With gasoline prices at a 14-year high, it’s hard to imagine paying even more at the pump. Yet prices are only heading higher.
On Sunday, the national average for a gallon of gas hit $4.009, the highest since July 2008, according to data from AAA.
An increase in demand along with a reduction in supply is quickly driving up prices at gas stations, the automotive group said.
With the recent rise, consumers are now paying 40 cents more than just a week ago.
“There are few words to describe the unprecedented rise in gasoline prices over the last week, with massive spikes coast to coast in both gasoline and diesel prices, as oil prices jump to their highest since 2008,” said Patrick De Haan, head of petroleum analysis at GasBuddy.
“Forget the $4 per gallon mark, the nation will soon set new all-time record highs and we could push closer to a national average of $4.50,” he said. According to GasBuddy, the average price of gasoline will likely set a new all-time record within a day.
The worst may be yet to come, AAA also said, as Russia’s war on Ukraine prompts fears of severe supply shortages.
More than 50% of the cost of gasoline is based on the price of oil, according to the U.S. Energy Information Administration.
Depending on where you live, there may already be wild upswings in prices. In Michigan, Indiana, Illinois and Ohio, gas prices jumped 30 cents or more in about a week, according to AAA.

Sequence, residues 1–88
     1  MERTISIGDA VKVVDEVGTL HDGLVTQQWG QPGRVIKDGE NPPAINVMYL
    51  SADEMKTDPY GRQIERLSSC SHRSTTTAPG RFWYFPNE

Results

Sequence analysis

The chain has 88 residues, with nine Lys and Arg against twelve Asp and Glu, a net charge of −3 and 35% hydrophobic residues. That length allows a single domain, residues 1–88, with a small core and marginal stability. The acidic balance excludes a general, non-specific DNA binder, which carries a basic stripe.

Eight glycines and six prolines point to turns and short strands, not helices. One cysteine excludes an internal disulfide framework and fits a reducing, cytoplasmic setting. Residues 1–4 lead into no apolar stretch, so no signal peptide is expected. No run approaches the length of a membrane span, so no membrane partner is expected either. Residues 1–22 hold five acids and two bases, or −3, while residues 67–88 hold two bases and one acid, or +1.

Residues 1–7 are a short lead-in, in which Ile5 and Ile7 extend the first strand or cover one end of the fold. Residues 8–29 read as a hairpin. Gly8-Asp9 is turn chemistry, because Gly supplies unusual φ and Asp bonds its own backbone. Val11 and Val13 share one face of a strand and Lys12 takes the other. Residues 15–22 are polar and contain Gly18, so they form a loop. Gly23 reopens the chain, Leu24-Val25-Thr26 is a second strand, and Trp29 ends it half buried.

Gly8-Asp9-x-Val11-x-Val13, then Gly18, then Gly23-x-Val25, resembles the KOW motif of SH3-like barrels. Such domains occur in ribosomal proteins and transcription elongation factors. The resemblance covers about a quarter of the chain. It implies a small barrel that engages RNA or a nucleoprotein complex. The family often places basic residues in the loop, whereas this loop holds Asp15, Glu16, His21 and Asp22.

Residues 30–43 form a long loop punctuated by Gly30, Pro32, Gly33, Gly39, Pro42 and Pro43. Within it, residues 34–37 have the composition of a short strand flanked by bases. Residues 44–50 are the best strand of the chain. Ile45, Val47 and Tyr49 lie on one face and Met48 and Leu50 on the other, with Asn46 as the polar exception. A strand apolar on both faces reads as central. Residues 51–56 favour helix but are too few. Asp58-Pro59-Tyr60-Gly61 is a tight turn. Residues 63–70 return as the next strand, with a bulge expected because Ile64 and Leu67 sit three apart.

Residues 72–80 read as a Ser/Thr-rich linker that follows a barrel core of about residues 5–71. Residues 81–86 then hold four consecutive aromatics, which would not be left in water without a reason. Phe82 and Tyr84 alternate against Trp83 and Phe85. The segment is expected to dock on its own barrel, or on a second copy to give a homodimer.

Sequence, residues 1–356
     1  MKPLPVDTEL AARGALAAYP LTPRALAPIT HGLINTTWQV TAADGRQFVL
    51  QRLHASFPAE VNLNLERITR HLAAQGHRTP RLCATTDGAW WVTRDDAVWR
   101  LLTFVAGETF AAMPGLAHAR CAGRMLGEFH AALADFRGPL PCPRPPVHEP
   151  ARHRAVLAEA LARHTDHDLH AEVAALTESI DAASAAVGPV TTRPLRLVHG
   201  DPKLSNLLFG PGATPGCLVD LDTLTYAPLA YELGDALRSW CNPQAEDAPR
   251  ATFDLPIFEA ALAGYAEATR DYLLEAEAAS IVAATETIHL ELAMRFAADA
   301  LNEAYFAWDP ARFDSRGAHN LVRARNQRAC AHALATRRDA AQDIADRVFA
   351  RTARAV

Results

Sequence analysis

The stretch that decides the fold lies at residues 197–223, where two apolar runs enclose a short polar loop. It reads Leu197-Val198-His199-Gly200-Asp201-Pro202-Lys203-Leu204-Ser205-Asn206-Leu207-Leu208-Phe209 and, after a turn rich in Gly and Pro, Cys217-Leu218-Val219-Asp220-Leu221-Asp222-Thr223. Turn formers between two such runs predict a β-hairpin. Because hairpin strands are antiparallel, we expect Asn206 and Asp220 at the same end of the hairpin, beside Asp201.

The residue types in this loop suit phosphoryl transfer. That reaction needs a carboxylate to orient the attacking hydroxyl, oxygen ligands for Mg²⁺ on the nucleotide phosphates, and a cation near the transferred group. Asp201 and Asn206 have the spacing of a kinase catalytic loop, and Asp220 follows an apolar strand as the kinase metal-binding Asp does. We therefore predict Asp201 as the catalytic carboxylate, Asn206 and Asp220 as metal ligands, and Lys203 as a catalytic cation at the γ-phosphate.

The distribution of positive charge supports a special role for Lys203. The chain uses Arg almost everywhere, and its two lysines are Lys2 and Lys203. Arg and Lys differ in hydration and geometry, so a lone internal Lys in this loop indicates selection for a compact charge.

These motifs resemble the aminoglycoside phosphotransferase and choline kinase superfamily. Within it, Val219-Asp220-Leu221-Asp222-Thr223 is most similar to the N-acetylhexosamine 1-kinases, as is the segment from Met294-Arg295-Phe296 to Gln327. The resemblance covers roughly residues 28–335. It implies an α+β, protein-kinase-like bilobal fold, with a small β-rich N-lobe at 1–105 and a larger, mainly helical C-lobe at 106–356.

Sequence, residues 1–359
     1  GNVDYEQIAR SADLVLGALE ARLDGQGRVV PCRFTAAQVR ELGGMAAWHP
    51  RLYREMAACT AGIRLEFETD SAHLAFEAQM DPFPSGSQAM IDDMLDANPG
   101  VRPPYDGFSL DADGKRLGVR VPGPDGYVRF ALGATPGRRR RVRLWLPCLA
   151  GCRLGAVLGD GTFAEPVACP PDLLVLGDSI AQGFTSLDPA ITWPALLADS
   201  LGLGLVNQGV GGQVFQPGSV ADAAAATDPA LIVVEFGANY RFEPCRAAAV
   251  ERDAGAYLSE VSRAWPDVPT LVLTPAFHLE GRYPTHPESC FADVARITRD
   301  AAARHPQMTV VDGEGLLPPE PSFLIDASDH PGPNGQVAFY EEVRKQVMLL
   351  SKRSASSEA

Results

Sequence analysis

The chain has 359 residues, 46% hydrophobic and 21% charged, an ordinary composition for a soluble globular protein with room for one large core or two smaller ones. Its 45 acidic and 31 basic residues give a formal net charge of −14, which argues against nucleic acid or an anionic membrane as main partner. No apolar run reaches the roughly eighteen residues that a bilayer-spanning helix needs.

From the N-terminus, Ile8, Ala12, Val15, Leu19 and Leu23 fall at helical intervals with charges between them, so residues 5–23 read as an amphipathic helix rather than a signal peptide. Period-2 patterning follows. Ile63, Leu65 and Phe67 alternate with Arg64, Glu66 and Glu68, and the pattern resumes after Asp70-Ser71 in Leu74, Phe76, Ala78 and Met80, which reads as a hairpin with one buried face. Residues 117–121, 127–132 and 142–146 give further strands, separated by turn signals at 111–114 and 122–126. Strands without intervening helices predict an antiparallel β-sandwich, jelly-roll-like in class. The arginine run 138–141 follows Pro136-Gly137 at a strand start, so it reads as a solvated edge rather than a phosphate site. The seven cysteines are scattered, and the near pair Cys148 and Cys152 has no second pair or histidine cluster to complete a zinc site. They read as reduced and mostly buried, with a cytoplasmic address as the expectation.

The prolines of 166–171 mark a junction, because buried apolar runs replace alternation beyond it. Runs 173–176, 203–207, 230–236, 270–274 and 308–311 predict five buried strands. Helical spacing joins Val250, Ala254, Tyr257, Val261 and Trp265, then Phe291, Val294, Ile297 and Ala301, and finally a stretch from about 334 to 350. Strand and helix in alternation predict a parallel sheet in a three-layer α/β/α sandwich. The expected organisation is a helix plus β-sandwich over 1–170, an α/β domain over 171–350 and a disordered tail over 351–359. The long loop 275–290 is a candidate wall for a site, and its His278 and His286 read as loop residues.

In California, the average was $5.343 as of Monday morning but some stations are charging $6 and beyond, according to De Haan.
“We’ve never been in this situation before, with this level of uncertainty,” he said.
Now, nearly 9 in 10 car owners are concerned about being able to afford filling up, according to a separate report by AutoInsurance.com.
To shield yourself from soaring prices at the pump, consumer savings expert Andrea Woroch has these tips:
Track gas prices. Apps like GasBuddy, Gas Guru and AAA TripTik can track down the cheapest price per gallon between gas prices.
Even if the difference doesn’t seem like much, it can still add up to hundreds of dollars a year.
Pay with cash. The price per gallon can be 10 cents to 15 cents more per gallon for credit card transactions. Pay with cash instead to get the lower price or use a gas rewards credit card to earn cash back on those charges.
Drive strategically. Carpooling to and from work and school or sports practice can dramatically reduce your time on the road. You can even find ride shares using sites like ZimRide, RideJoy or eRideShare.com, Woroch advised.
Also, order online and look for free delivery to cut the cost of getting groceries, take out and other daily essentials.
Sign up for loyalty programs. In addition, loyalty programs, which many major gas station chains have, can help offset the price at the pump.
Some grocery store chains may also offer cents-per-gallon rewards. For example, Kroger and Shop & Stop give fuel points for every $1 spent on groceries, which can be redeemed at participating gas stations.